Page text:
Nosemonkey's EUtopia

In search of a European identity

What is the EU for? (Part 2)

This started off as a reply to comments on this post, but got a bit lengthy…

EU Constitution mastermind Valery Giscard D'Estaing

The Convention on the Future of Europe (which drew up the failed EU Constitution) was, in its early stages, a step in the right direction. But – vitally – the public were never fully brought on board despite this being one of the key aims mentioned in the inaugural meeting (and despite the website being quite good, I don’t recall much press coverage or wider debate at the time, nor much effort being made to canvas the views of the peoples of Europe). It ended up being a grand talking-shop for a bunch of lobbyists and politicians (if a slightly wider group of politicians than usual in EU treaty-writing), and coming up with something so vast and complex that it could never be understood by the people it was supposed to sell itself to (though at least it was better on this front than the Lisbon Treaty, I suppose).

It also, as far as I can tell, went far beyond its initial remit – to simplify and clarify the meaning of previous treaties, define the limits of the EU’s power in line with the subsidiarity concept, and push for greater democracy, efficiency and transparency – while not going far enough on any of those main points. It certainly failed dismally in clarifying what the old treaties meant, at any rate – and hell, even the Charter of Fundamental Rights ended up being something countries – i.e. the UK – could opt out of, despite that being another key issue highlighted in the wake of Nice… (Here’s probably not the place to have a moan about what that document includes as fundamental rights, many of which are not so much “rights” as “privileges”…)

What I’d like to see happen (though I have no illusions that it will) now that the Lisbon Treaty also seems to be dying is the birth of a genuine, Europe-wide discussion of the kind Peter mentioned in his first comment – hell, even debates conducted within each state (like that in France in the run-up to their 2005 referendum) would be a start. The Commission’s been making some decent efforts over the last few years, and Margot Wallstrom‘s convinced me that she truly would like a genuine debate while making some good first steps in the right direction – but so far none of these have really taken off, or gone anywhere near far enough.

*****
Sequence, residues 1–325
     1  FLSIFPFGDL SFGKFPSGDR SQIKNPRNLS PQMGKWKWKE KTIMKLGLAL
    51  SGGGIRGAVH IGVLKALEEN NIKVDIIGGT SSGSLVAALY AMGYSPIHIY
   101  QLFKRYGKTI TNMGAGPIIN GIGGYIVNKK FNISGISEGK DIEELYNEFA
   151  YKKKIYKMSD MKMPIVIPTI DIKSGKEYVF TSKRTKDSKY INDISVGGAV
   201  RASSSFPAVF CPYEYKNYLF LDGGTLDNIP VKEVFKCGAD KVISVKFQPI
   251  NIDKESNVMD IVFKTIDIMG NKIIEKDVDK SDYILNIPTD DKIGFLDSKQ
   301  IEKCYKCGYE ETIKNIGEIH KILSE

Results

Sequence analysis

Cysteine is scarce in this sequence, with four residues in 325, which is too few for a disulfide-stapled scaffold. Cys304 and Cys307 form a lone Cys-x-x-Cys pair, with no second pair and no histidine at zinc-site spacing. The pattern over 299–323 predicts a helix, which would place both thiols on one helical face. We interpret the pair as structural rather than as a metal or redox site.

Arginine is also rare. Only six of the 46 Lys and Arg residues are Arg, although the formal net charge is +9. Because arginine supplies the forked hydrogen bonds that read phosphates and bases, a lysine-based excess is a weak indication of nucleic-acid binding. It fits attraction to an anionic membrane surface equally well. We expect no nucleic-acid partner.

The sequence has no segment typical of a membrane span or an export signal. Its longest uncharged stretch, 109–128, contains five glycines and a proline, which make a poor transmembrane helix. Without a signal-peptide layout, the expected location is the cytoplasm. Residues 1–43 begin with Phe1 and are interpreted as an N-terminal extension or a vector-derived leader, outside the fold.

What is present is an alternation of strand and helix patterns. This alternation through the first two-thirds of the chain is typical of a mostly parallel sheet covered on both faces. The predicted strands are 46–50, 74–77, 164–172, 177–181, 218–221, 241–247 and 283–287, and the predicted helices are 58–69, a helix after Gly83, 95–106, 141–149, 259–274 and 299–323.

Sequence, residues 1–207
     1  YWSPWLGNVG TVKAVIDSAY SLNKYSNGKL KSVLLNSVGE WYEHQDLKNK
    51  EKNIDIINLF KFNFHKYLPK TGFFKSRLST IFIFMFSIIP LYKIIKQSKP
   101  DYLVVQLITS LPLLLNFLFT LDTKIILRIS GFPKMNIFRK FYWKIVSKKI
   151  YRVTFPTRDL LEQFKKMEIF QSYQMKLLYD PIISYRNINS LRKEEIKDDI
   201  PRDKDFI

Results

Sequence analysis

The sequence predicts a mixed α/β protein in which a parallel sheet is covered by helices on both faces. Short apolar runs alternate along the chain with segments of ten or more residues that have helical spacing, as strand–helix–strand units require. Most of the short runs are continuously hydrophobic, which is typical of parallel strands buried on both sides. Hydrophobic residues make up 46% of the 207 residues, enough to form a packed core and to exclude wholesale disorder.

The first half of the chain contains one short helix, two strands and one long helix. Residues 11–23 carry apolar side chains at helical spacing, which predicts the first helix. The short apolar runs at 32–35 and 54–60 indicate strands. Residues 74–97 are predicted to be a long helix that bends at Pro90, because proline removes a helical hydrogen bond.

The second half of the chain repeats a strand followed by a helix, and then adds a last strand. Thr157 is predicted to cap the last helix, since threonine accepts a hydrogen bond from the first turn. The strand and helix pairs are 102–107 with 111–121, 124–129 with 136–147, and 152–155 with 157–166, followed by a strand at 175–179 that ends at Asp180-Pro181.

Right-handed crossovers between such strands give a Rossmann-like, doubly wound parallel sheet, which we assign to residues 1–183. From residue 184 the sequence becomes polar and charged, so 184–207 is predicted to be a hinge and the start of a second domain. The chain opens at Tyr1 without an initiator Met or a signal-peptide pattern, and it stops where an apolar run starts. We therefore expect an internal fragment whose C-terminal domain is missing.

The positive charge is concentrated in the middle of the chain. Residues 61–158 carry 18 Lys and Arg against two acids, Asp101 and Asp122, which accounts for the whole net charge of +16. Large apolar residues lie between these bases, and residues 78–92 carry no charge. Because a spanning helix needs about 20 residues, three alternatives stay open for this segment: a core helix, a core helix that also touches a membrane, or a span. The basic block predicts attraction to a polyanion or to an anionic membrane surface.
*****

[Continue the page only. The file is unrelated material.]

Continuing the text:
But this is vital – fundamental. Get the people thinking about the EU, rather than just ignoring it. Get them talking about it. Get them to say what they think it is and what it should be for. Because I’m pretty certain that currently no one knows – and if our representatives at these meetings are starting from a position of ignorance about what the people they are representing actually want, little wonder that they end up with something that the people then reject.

Bruno‘s definitely right about the split between the political establishment and the people. Only the real problem, I’d say, is not at EU level – I’d again agree with Peter (in his second comment), and say it’s the national politicians who are the problem. They don’t know what their people want from the EU, because the people themselves don’t know. But rather than try to get their people thinking and talking about it so they can then, y’know, represent their people, they take the “father knows best” line and forge ahead regardless – in the process constructing an EU without any real guiding principles or final goals, and that the people who have to live with it have had no say in creating.

You wouldn’t start constructing a building with no plans, no idea of the number of floors, rooms, windows and doors, and no idea what the people who are going to be using it are going to be using it for. Yet that’s precisely what’s been happening with the EU for decades. It’s no longer (if it ever was) just a trading block. It’s no longer (if it ever was) heading towards a federal superstate. It’s something altogether new and altogether misunderstood – because the EU itself doesn’t know what it is or what it’s for.

Until the EU works out what it’s for – a purpose that really must be set by the peoples of Europe if it’s going to have any chance at long-term survival – the same unproductive nonsense is going to continue ad infinitum.

(For more along these lines, check out What is the EU for? (Part 1) and the dLiberation blog I did for openDemocracy last year, focussing pretty much exclusively on the problems of getting the people to participate meaningfully in EU reform…)